Inheritance Tax Planning and Trusts  
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Avoiding Inheritance Tax

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IHT - How To Mitigate: Outright Gifts

A Loan Trust (Or A Gift And Loan Trust)

A Trust is set up by an individual, either with a small gift of, typically £3,000 i.e. an amount equal to the Annual Gift Allowance, or on the promise of the loan to be made.  The trustees are then granted an interest free loan. 

Let us assume that the loan made is £100,000.   What are the benefits of doing this, what advantages does it give and just as importantly, what drawbacks does it have?


Whilst the full amount of the outstanding loan will always remain in the Settlor’s (the person that set up the trust and lent it the money) Estate, any growth on the trust assets will be outside of the scope of IHT.  However, the Settlor can always ask for the loan to be repaid so they have not given away the capital, only the growth on the capital. 

Let us assume that the Settlor dies after 10 years and the investment has grown at 6% p.a. (in this example we shall not consider any tax liabilities other than IHT, but of course they do need to be taken into account.  We shall also assume that none of the £100,000 loan has ever been repaid.  After 10 years, the value of the trust’s investment would be worth £179,085, but of course they would have to repay the outstanding loan of £100,000 to the Estate of the deceased Settlor.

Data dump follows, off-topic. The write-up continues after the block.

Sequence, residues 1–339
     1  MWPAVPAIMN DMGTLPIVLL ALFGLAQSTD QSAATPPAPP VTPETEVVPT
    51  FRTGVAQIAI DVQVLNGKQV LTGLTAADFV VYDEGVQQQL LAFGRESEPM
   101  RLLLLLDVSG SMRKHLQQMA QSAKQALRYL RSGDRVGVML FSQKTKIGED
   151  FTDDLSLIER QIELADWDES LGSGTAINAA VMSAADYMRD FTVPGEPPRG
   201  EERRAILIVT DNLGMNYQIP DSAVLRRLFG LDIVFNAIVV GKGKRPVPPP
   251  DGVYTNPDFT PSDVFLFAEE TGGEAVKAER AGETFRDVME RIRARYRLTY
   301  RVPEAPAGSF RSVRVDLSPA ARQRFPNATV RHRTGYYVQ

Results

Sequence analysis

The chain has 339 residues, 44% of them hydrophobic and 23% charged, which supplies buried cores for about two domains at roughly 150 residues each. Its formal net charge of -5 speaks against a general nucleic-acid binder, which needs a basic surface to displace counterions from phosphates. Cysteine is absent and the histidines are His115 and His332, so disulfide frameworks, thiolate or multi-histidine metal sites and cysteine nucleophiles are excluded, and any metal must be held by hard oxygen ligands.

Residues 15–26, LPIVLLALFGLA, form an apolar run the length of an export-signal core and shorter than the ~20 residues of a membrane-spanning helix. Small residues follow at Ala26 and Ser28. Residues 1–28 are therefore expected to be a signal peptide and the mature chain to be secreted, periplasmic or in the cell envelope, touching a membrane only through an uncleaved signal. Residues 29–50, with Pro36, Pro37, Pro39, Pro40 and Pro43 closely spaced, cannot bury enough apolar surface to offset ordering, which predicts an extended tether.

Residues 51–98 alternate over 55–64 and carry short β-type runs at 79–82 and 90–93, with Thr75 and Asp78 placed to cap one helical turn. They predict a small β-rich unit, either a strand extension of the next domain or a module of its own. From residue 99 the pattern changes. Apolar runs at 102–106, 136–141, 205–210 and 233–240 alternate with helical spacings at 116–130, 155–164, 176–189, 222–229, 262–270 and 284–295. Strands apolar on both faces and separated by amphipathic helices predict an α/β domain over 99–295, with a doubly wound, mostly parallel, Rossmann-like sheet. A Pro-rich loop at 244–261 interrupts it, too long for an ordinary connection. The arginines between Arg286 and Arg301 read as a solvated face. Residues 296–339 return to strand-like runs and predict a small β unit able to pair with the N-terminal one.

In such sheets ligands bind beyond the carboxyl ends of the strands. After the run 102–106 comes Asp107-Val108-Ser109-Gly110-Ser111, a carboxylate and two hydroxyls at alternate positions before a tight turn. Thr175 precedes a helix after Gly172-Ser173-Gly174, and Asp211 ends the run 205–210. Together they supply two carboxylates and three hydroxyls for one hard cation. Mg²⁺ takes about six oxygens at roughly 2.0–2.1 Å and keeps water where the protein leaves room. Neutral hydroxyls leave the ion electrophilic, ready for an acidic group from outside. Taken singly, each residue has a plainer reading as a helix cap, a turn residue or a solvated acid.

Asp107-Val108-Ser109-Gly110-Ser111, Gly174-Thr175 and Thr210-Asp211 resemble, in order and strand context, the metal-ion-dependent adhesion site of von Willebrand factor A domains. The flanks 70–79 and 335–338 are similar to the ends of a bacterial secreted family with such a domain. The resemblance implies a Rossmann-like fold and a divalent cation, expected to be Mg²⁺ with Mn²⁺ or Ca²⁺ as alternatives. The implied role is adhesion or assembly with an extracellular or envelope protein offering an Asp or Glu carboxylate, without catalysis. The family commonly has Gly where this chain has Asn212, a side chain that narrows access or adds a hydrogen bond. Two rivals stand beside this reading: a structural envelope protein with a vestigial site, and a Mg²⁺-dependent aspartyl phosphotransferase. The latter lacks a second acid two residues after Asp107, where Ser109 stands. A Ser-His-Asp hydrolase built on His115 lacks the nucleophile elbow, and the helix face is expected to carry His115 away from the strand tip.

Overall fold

The deceased’s estate would have to pay IHT at 40% on the value of the loan repaid, i.e. £40,000.  However there would be no IHT liability on the £79,085 remaining in the Trust.

This means, that after 10 years the £100,000 would have resulted in £139,085 being available on the Settlor’s death, £79,085 in the trust and the £60,000 repaid loan after the IHT liability has been paid.

However, if the loan trust has never been set up and the £100,000 and the growth on it had all remained in the Estate the IHT liability would have been £71,634 resulting in only £107,451 being available on the “Settlor’s” death.

Thus the “Loan Arrangement” has resulted in an IHT saving of £31,634.  Thus it effectively freezes the IHT liability as any growth on the loan is not liable to IHT on the Settlor’s death, although it may be liable to other taxes within the trust.


The main advantage is that the Settlor has full access to any amount of the loan that is outstanding.  This means that at any point the £100,000 loan can be called in either as a one off repayment or in a number of instalments, but these should not be regular.


The main disadvantage is that the Settlor is giving away any growth on the loan.

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